The Imperial

Image: Behind the bar

Last Updated: 7/25/2021

Current Status: The Imperial is doing sit-down dining inside and on the rooftop patio.

Gift Cards

Before Times Review:

Last Visit: December 2019

The Imperial is a bright beacon at the intersection of Florida, 18th and U, at the bottom of the Adams Morgan hill.  The light pours out of big windows that look in on a sparkling dining room and bar.  There are a convoluted set of rules and restrictions, but it is worth the effort (and a walk out of the way) to spend some time here.

First the rules and format, as best as I can understand them.  Reservations are made for both the tables and bar in the main dining room. And no standing is permitted in that space.  This can be annoying if you are walking by and see open seats that the bar and think, “Hey, great, let’s snag a spot,” because there is a good chance that the open seats are actually reserved.  There is an adjoining bar area down a few steps where you can stand, with full dinner and drink options, but limited seating and only a narrow ledge if you are standing.  You could see if there is an open spot at Dram & Grain, the subterranean, edgy cocktail bar that moved over from Jack Rose.  But that too can require reservations or a wait, and only has a sampling of the upstairs menu.  Finally, there is a rooftop bar that may be more relaxed about all of this, once weather permits. Which is a long way of saying, despite what you see, not all seats that are open are available and some planning may be required for busy nights.

With those preliminaries taken care of, let us move to the more enjoyable aspects of The Imperial.  The starting point is cocktails.  There are a range of proof options, including some that are toned-down enough to accompany dinner and not knock you out after two.  There are also some zero-proof options (a positive recent trend in bars).  Considering that this is from the Jack Rose team, the thoughtfulness of the program under Andy Bixby is not surprising.  From there, it is on to wine.  Morgan Kirchner is the sommelier, and she has assembled an eclectic list that can reward exploration and experimentation.  There are a few whites, reds and a sparkling by the glass (the by-the-glass options have increased since opening). The bottle list is (from memory) a little over a dozen whites and more reds.  They are organized by style and range in price from under $50 to well over $150.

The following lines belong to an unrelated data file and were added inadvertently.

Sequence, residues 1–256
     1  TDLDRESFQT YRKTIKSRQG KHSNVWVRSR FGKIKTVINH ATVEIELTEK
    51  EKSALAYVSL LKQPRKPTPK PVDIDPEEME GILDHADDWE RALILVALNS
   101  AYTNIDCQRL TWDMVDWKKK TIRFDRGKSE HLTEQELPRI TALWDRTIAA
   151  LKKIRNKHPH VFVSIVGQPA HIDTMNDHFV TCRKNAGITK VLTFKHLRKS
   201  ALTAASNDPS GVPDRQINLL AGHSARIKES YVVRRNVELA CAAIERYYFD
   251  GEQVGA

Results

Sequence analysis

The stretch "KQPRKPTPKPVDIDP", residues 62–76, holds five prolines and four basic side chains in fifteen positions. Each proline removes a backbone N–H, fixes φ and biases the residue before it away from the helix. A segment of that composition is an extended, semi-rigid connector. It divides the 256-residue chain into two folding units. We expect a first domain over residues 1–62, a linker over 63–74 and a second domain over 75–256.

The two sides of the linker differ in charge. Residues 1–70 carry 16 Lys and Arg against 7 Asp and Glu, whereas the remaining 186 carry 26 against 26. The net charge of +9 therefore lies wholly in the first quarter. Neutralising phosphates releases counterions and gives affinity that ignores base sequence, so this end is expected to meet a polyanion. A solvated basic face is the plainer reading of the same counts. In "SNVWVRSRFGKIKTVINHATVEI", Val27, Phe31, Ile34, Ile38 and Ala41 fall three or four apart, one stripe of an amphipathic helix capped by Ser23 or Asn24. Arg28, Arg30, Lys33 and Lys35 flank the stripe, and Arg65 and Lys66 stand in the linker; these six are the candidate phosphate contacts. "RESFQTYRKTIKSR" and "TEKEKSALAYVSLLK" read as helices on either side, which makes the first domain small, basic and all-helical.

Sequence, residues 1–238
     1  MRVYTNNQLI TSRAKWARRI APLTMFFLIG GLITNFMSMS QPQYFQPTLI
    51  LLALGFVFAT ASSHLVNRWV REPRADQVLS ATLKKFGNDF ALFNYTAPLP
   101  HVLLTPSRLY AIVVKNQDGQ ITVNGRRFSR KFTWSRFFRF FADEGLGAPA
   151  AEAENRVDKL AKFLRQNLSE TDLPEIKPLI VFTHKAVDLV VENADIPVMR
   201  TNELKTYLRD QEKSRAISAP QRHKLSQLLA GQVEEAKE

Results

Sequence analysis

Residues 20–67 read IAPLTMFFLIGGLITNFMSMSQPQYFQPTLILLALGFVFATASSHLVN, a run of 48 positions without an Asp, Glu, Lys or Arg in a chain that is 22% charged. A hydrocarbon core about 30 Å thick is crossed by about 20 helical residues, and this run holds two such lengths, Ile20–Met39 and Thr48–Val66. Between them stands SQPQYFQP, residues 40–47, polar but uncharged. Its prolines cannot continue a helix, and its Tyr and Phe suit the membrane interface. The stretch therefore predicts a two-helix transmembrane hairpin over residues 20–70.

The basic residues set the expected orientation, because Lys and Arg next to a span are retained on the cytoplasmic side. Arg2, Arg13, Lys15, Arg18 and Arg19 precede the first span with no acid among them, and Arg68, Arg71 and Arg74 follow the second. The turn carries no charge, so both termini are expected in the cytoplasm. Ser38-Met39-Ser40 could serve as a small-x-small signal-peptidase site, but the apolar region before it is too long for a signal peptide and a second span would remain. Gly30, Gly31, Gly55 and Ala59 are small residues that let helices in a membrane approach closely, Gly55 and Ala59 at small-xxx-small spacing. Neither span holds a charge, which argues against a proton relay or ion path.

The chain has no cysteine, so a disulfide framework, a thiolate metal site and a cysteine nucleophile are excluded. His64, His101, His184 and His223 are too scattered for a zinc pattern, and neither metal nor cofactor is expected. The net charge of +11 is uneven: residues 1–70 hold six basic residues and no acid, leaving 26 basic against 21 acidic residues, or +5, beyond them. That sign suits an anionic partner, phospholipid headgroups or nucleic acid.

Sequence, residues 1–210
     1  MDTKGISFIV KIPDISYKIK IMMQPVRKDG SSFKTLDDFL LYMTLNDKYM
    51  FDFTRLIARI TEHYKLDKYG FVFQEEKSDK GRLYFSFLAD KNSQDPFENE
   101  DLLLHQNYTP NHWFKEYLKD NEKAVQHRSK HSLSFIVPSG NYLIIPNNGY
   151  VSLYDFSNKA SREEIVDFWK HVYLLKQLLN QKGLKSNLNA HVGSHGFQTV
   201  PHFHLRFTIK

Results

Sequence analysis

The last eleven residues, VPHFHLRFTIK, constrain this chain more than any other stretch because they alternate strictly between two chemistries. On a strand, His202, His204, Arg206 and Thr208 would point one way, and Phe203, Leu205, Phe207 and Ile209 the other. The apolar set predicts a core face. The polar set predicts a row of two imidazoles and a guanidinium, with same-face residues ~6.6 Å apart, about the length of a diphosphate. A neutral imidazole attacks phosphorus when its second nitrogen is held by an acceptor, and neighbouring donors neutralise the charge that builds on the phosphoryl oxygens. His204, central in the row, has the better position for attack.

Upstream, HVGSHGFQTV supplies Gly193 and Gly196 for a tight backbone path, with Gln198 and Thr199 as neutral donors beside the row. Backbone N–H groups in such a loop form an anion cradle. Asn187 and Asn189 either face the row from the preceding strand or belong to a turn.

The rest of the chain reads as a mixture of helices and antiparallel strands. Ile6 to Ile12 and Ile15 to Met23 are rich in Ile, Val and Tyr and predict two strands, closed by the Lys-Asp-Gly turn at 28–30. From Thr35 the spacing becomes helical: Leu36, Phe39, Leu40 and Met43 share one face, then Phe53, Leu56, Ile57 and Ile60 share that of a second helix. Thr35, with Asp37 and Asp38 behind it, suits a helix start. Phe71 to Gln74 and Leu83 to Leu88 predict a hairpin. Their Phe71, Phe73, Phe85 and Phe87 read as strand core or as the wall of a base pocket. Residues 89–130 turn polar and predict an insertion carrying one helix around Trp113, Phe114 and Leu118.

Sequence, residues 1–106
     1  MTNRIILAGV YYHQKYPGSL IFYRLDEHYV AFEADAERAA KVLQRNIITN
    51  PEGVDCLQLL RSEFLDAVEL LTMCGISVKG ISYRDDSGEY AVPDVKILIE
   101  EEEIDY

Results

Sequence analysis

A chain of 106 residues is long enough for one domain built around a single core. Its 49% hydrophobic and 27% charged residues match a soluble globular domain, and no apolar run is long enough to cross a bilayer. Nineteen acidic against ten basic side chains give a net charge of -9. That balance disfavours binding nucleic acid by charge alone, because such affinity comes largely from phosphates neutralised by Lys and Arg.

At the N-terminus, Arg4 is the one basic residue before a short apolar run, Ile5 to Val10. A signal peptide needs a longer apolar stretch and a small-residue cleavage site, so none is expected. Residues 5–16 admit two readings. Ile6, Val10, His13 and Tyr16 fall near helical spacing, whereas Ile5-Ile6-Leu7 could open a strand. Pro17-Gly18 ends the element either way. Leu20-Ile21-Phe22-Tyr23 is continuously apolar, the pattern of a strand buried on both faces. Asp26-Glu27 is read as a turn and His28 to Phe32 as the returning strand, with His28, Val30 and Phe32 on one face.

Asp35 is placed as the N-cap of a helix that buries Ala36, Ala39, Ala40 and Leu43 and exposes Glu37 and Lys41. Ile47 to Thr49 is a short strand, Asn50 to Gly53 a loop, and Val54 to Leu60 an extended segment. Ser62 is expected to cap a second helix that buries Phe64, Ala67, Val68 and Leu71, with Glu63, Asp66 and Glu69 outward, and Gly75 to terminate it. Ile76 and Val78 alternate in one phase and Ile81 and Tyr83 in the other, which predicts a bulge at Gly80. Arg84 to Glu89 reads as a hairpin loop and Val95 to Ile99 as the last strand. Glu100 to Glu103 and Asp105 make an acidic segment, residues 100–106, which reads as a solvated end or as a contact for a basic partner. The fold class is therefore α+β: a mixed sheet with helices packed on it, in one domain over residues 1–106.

With beverages settled, next comes the food.  Chef Russell Jones, also of Jack Rose, has decided to go shared plates portions.  The food is Mid-Atlantic (he is from South Carolina) via Provence.  There are crudo, onion tarts, and a steelhead vol-au-vent.  The surprise may be a bright, crunchy, creamy cauliflower and kale salad with a smear of curry sauce as dressing.  There are also three pasta dishes.  The gnocchi dish was a butternut squash puree underneath soft gnocchi, with fried sage, hazelnut and vincotto.  It is a variation of a classic that is a little surprising and very comforting.  Among the meat dishes, Beef Wellington makes a comeback with a truffle jus.  Not every dish hits the bullseye, though they all seem to land well. The rabbit dish with creamy beans needed something to make it pop, though it was satisfying on a cold night. There are also raw bar options and a couple large-format dishes for sharing family-style.  For dessert, there are a handful of choices including a cheese plate.  The pistachio crème brûlée felt more like a mousse than a crème, but the worked nonetheless.

Service seemed to be past opening jitters.  Though, having the bartenders responsible for cocktails for the entire floor and serving the diners at the bar can stretch them thin.  Despite the obstacles to securing a spot at the bar, the “no-standing” policy does create a more hospitable environment once seated.  Something Astoria also figured out.

Other Guidance: It is a nice place, don’t dress like a schlub, but you can get away with pretty casual. There are GF options and a handful of vegetable dishes, though meat and seafood are predominant elements.

Rating: Worth Taking a Walk
Cuisine: Old and New American
Neighborhood: Adams Morgan
Address: 2001 18th St NW, Washington, DC 20009
Reservations: Resy (Note: Even bar seats in the dining room are reserved).

Other Critics/Voices:

Washington Post: Tom gives it a positive 2.5 stars.  He was also generous in his first take.

Washingtonian: #77 in 2020 Top 100; Preview

Thrillist – piece on the foraging of rare spirits.